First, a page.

The Night of the Iguana


In 1940's Mexico, an ex-minister, the Reverend T. Lawrence Shannon, has been locked out of his church after characterizing the Western image of God as a "senile delinquent", during one of his sermons. Shannon is not de-frocked, but he is institutionalized for a "nervous breakdown". Some time after his release, the Rev. Shannon obtains employment as a tour guide for a second-rate travel agency. Shortly before the opening of the play, Shannon is accused of having committed statutory rape of a sixteen year old girl,[1] named Charlotte Goodall, who is accompanying his current group of tourists.

As the curtain rises, Shannon is arriving with a group of women at a cheap hotel on the coast of Mexico that had been managed by his friends Fred and Maxine Faulk. The former has recently died, and Maxine Faulk has assumed sole responsibility for managing the establishment.

Struggling emotionally, Shannon tries to manage his tour party, who have turned against him for entering into sexual relations with the minor, and Maxine, who is interested in him for purely carnal reasons. Adding to this chaotic scenario, a spinster Hannah Jelkes appears with her moribund grandfather, Nonno, who, despite his failing health, is composing his last poem. Jelkes, who scrapes by as traveling painter and sketch artist, is soon at Maxine's mercy. Shannon, who wields considerable influence over Maxine, offers Hannah Jelkes shelter for the night. The play's main axis is the development of the deeply human bond between Hannah Jelkes and Lawrence Shannon.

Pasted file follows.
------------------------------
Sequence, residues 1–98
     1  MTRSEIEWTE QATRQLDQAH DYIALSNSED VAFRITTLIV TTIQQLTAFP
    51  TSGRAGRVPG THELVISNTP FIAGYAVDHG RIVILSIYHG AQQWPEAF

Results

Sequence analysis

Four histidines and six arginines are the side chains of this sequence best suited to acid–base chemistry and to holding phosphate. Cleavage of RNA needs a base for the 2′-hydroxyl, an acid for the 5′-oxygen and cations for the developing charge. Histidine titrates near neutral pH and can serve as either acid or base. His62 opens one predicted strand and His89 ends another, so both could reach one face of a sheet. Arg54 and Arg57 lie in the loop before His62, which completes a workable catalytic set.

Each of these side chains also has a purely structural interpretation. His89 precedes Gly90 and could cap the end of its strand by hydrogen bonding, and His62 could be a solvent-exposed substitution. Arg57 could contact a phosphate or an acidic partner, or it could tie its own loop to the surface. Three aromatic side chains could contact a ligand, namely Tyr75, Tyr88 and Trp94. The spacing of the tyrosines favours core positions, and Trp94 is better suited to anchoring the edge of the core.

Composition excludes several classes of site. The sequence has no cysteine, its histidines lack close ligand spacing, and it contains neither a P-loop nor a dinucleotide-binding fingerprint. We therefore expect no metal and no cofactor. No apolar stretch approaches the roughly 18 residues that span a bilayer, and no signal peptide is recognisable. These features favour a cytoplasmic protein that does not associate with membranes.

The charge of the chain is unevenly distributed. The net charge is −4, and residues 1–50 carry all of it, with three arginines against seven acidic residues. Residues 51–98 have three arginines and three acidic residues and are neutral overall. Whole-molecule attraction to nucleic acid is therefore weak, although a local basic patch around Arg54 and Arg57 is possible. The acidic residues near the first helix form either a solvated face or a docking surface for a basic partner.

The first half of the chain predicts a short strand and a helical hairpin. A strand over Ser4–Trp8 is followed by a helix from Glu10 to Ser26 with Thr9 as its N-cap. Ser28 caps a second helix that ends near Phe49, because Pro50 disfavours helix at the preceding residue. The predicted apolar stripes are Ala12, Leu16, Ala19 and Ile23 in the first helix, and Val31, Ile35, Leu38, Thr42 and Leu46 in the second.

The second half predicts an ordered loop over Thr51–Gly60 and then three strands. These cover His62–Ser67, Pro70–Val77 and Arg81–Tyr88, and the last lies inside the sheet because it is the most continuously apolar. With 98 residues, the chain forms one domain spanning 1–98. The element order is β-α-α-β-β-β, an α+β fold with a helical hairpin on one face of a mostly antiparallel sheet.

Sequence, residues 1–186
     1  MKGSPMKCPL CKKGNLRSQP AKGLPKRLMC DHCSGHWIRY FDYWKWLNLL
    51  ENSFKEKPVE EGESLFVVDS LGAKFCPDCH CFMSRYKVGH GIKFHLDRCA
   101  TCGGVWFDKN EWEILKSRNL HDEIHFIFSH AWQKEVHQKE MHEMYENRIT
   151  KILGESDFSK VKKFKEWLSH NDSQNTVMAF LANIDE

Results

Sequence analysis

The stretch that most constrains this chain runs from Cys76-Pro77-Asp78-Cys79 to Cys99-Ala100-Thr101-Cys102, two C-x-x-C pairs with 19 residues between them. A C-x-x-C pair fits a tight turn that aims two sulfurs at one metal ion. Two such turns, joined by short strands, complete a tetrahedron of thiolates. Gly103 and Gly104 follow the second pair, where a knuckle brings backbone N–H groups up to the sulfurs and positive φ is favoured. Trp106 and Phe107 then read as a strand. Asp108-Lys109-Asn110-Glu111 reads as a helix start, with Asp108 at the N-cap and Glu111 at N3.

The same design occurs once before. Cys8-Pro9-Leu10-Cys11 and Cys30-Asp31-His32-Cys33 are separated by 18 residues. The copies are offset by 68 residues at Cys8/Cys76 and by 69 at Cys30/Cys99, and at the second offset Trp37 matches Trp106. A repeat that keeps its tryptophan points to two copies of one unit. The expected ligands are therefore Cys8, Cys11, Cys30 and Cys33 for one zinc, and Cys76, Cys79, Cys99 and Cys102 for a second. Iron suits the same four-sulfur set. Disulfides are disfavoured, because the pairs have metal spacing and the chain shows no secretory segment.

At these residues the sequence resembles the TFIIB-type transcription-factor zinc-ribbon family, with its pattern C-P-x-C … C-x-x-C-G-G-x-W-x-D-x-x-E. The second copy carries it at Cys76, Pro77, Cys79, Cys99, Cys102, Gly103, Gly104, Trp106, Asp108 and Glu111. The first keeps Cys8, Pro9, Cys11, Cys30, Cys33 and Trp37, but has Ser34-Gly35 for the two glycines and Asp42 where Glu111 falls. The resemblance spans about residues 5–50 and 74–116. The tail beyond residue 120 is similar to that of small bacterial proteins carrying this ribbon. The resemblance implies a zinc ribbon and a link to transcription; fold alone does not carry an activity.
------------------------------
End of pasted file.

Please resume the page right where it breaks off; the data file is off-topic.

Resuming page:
Minor characters in the play include: (a) a group of German tourists whose Nazi marching songs paradoxically lighten the heavier themes of the play but suggest the horrors of World War II, (b) the Mexican "boys" Maxine employs to help run the hotel who ignore her laconic commands, and (c) Judith Fellowes, the "butch" vocal teacher charged with Charlotte's care during the trip. Fellowes is one of Williams' few overtly lesbian characters.

The Reverend T. Lawrence Shannon was partly based on Williams' cousin and close friend, The Reverend Sidney Lanier, the iconoclastic Rector of St Clement's Episcopal Church, New York. Lanier was a significant figure in the New York theatre scene in the 1950/60s, started a Ministry to the Theatre Arts and would become co-founder of the experimental American Place Theatre in 1962. Lanier resigned from his ministry in May 1965.

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